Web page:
JACKSON CENTER — The year was 1968.
Wayne Korn, an engineer at Airstream in Jackson Center, didn’t like the quality of plastic, thermoformed parts the company was buying from outside suppliers.
“I thought I could do as good as what we were getting,” the now 87-year-old retiree said by phone from his home in Avon, recently.
And that’s why Creative Plastics International is celebrating its 50th anniversary this year. There will be a customer-appreciation event in celebration of its golden anniversary later this year.
The Jackson Center firm got its start in a garage in Anna, where Korn was living at the time.
“We started out with some electric heaters. I mounted them in a frame. We warmed sheets (of plastic) up by hand,” he said.
Thermoforming, sometimes referred to a vacuum forming, creates plastic parts for a variety of industries by heating a sheet of plastic to make it pliable, pulling the air out of it to force it into a mold and then cooling it and trimming it.
“The basic process is pretty simple. We were too dumb to know we couldn’t do it, so we did it,” Korn said.
Today, Creative Plastics is led by President/CEO Jerry Wurm from offices in New Washington. Wurm’s Woodworking Co. purchased controlling interest in Creative Plastics Inc. in 2009, when Korn retired.
Onsite in Jackson Center, Keith Korn, a second cousin of Wayne’s, and Randy Korn, Wayne’s son, keep things running smoothly. Keith is vice president of sales and design. Randy is vice president of operations.
In the early years, Wayne made the molds for the interior window trims of Airstream trailers, himself.
“I may have done it all, myself, for awhile,” Wayne said. But it wasn’t long before a 10-year-old Randy helped with the thermoforming.
“I almost burned the house down,” Randy said. “I was making plastic parts, and I had a crush on a girl. I was sitting on a ladder, watching her out the windows. I had a sheet in the oven and it caught fire.”
None of the Korns can remember exactly when the operation moved from the Anna garage to what had been a hangar for airplanes at Shelby County’s first airstrip. Wayne’s uncles took to the air not too long after the Wright Brothers made their first flight and created the strip on their farm outside Jackson Center. Wayne’s father also became an aviator and Wayne admitted to “doing some flying, myself.” An historical marker in the front yard of today’s Creative Plastics plant commemorates those early adventurers.
The hangar was the perfect place to enlarge the business, Wayne said. It was big and empty. After he got the processes working, he added four or five additional employees. Keith came on board in 1971; Randy, in 1993. Now, the company employs 22 people working two full shifts every day.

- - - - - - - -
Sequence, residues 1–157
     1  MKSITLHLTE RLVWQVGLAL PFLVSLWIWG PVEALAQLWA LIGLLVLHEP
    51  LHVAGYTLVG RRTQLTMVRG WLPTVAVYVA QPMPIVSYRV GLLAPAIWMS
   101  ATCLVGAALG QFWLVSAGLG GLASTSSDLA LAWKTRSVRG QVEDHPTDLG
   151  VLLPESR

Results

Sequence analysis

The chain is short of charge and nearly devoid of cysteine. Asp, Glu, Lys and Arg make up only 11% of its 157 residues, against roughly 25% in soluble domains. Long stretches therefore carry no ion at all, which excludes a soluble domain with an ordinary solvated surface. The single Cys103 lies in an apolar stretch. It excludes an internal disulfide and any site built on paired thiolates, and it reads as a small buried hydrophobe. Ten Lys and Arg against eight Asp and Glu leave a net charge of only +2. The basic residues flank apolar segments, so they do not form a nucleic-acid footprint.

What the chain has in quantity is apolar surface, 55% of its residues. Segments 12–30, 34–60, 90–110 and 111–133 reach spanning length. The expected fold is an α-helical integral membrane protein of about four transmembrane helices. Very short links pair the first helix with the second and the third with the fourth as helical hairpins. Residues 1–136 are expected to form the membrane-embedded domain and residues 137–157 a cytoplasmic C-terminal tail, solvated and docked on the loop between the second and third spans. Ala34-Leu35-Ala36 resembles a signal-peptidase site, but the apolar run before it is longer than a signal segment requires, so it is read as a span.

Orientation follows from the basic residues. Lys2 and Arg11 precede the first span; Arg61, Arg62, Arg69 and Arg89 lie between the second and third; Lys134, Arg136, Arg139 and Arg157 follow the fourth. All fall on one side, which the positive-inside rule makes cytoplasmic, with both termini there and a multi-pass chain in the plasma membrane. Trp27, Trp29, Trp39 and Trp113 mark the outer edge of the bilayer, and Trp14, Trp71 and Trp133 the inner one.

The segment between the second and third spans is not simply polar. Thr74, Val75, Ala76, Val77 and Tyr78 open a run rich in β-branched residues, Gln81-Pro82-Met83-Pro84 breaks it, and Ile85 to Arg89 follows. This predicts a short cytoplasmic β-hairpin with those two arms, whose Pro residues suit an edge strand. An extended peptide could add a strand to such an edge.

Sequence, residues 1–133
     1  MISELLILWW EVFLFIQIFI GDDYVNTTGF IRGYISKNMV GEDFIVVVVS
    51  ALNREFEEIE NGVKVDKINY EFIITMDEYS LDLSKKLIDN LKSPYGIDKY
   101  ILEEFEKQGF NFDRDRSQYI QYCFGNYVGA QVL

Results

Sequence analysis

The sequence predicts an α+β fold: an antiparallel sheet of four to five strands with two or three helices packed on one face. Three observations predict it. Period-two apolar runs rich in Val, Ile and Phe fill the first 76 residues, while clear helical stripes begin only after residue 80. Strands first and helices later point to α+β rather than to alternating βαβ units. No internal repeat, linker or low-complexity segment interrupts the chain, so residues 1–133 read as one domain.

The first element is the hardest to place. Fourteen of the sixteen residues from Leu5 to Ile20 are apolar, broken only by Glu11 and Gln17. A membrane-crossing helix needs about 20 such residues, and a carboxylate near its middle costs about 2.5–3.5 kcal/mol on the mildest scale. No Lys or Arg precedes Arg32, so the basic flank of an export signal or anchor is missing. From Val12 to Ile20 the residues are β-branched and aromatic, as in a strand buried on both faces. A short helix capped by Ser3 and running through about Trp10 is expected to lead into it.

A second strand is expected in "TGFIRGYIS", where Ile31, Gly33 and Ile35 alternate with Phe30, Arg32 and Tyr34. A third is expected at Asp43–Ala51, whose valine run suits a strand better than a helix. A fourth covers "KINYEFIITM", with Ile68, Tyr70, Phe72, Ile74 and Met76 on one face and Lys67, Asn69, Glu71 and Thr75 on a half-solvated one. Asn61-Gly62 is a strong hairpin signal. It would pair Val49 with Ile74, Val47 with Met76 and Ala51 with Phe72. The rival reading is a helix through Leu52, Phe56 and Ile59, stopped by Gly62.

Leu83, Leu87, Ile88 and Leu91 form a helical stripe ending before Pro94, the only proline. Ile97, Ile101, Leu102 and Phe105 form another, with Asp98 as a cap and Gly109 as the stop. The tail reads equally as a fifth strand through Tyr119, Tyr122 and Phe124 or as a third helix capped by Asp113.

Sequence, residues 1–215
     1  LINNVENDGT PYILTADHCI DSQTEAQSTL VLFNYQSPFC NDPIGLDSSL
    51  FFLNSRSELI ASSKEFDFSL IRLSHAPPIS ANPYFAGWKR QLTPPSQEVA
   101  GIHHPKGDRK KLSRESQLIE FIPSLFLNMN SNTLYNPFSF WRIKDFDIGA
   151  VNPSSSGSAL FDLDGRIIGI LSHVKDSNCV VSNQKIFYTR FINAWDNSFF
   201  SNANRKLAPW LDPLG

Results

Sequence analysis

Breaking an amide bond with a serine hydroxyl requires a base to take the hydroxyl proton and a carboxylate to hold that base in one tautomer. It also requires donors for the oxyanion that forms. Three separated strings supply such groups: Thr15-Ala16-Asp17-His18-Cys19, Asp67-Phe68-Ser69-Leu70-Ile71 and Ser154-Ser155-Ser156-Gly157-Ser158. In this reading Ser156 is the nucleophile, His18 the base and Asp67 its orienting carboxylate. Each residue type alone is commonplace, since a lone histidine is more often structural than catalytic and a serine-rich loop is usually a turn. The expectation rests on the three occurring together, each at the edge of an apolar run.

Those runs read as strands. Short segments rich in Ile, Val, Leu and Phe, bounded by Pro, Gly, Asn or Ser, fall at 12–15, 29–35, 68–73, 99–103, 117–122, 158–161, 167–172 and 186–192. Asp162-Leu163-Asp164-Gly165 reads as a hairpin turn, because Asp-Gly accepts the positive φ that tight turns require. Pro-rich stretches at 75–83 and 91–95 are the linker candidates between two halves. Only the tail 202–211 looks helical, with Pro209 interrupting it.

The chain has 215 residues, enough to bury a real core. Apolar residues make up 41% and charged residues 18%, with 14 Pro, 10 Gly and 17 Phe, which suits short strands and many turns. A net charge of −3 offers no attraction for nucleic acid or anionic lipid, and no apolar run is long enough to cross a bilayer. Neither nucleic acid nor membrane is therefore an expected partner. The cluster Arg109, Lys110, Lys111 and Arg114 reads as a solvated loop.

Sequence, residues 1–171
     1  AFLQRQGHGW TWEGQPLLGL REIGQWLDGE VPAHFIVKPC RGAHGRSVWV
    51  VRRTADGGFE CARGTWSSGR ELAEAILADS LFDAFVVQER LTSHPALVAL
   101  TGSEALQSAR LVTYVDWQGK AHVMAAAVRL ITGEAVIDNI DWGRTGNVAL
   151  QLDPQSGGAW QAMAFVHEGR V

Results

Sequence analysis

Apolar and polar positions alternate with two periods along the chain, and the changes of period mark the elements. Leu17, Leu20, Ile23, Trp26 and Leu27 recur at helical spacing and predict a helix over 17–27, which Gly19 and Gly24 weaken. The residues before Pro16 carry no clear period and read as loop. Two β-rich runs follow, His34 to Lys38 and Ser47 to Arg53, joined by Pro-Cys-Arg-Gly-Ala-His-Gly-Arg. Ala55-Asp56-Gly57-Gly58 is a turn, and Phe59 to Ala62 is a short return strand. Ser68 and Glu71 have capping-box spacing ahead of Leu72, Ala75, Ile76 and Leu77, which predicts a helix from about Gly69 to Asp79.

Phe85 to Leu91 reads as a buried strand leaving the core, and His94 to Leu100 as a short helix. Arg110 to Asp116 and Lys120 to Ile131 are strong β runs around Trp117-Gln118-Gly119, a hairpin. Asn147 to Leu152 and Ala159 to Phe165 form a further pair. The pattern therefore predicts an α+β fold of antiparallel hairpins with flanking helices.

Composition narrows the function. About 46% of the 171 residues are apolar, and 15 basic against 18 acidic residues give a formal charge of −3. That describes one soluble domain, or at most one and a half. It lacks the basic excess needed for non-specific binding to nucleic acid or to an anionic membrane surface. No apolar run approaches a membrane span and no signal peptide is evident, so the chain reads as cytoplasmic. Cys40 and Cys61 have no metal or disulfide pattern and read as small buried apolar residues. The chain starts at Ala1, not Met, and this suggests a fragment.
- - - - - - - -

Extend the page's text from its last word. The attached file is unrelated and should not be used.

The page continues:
Wayne noted that the biggest challenge for him was learning how to design and build molds so the resultant parts would be good. Keith and Randy face a different challenge in 2018:
“Finding, hiring and retaining good employees,” said Randy. There are currently five, entry-level openings at Creative Plastics. Previous thermoforming experience is not necessary. Inexperienced employees will be trained on the job.
The company has come a long way from electric heaters mounted in frames. State-of-the-art, computer-run machines now heat plastic sheets that can make parts as large as 8-feet by 10-feet by 4-feet deep.
Every part is for one or another of 70 to 80 original equipment manufacturers. Some of those parts are pressure formed instead of thermoformed.
“Thermoforming depends on atmospheric pressure. In pressure forming, there’s pressure on material to push it into the mold, which gives us much finer detail than thermoforming,” Keith said. Creative Plastics added pressure molding capabilities in 1980.
“The biggest difference since when the company started and today is the materials we can get and the acceptance of the public and the manufacturers that plastic is OK and a good way to go,” Keith said. “We have a wider variety of materials to use. The materials are better. Colors are unlimited. The acceptance of plastic has tremendously grown.”
Computers also have made an impact on the thermoforming industry. They’ve changed the design and trimming processes. Designs are developed using three-dimensional computer-aided design data. CNC routers do the trimming.
“Before, we’d have to trim everything by hand,” Keith said. The routers ensure that every part’s measurements are exact.
The firm’s customer base still includes Airstream, but in 50 years of business, it has added manufacturers in the medical equipment, agriculture, automotive and refrigeration industries in addition to other RV makers. Most customers are within a 100-mile radius of the Jackson Center plant, but Creative Plastics also serves manufacturers from Michigan to Alabama, Connecticut to Wyoming.
“We consider ourselves one of the high quality thermoforming companies in the state of Ohio,” Keith said.